To pass the forward testing phase of your strategy evaluation, we recommend waiting for at least a 3 months period after the algo is developed. Once the forward testing period is over, backtest your strategy using the input parameters you chose at development time. Take a closer look at the end of the equity cure, which was built since you started the forward testing. What does it look like? Does it show similar characteristics to the previous parts?

This is another area where Tradesq can help. There are two ways your strategy can be forward-tested in Tradesq:

  1. Automatically: when you use the Smart Backtesting feature to test your algo various markets and timeframe, Tradesq’s algorithm will automatically pick up the best outcomes and please them to forward testing.
  2. Manually: you can add an algo for Forward testing using the Schedule Forward Test function in the Forward Testing menu.
Schedule Forward Testing screen in Tradesq

Once a strategy is added to the list of Forward Tested strategies, Tradesq will keep monitoring its performance week by week. As the Forward Testing goes on, the performance chart of your algo will be updated weekly:

And that is not all. You continuously track the performance of all Forward Tested strategies in Tradesq, including thousands built by the community and your private ones.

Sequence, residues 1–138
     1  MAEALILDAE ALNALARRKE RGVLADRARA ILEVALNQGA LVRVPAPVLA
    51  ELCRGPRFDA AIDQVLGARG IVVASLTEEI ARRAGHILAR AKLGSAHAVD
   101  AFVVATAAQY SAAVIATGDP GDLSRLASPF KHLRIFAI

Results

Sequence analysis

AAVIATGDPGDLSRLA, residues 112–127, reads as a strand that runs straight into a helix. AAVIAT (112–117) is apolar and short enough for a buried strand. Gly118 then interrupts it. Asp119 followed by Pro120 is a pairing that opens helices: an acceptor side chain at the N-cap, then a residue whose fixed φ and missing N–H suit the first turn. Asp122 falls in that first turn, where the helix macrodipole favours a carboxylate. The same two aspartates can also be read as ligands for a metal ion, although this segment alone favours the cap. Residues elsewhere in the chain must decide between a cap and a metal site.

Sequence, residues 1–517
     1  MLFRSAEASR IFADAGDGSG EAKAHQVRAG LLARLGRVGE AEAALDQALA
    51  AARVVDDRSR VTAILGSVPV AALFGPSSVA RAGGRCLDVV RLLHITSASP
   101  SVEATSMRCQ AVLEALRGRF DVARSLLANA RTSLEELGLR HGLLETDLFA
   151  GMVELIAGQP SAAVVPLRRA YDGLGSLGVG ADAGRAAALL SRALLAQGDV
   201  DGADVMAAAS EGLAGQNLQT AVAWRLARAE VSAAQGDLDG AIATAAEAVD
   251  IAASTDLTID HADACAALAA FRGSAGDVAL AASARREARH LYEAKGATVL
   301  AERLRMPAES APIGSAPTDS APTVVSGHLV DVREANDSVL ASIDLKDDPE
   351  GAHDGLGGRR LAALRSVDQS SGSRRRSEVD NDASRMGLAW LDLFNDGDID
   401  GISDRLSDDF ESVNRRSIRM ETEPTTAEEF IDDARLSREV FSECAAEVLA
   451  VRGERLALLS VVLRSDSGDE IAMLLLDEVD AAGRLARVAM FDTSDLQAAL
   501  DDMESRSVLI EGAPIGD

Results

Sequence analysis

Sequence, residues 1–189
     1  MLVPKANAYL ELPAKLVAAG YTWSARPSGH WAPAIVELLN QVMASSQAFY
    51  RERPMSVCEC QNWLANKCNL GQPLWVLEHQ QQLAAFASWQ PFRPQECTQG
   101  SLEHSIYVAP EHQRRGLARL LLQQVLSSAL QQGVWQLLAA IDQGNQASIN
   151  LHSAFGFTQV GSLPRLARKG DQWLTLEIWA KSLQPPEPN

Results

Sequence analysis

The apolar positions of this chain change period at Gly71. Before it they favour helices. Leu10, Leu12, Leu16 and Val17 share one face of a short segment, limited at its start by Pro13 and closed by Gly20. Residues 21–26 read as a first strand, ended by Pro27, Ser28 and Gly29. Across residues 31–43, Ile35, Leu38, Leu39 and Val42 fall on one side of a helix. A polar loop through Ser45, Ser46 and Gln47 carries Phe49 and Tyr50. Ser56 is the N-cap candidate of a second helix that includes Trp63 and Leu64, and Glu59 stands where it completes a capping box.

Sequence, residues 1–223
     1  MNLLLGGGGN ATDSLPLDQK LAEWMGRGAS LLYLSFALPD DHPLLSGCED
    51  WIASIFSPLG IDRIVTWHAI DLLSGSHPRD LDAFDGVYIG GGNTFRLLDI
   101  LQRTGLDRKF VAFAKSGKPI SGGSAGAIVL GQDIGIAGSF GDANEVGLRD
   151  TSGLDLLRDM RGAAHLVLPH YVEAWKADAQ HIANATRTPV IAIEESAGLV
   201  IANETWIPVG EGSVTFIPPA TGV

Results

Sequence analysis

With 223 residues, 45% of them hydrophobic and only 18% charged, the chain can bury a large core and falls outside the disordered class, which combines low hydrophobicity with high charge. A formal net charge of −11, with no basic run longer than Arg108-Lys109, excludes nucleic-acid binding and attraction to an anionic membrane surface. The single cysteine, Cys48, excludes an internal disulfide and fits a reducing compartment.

Forward Tested Strategies in Tradesq


Robustness testing is vital in algorithmic trading because it helps ensure that a trading algorithm will perform well in various market conditions. This is critical because the financial markets are constantly changing and can be volatile, and an algorithm that is not robust may produce inaccurate or suboptimal results under certain circumstances. By thoroughly testing an algorithm for robustness, traders can have confidence that it will function properly and make profitable trades even in challenging market environments. In addition, robustness testing can help identify and fix potential vulnerabilities or weaknesses in an algorithm, which can help prevent costly mistakes or losses. Overall, robustness testing is a vital part of the algorithmic trading process and helps ensure the success and reliability of trading systems.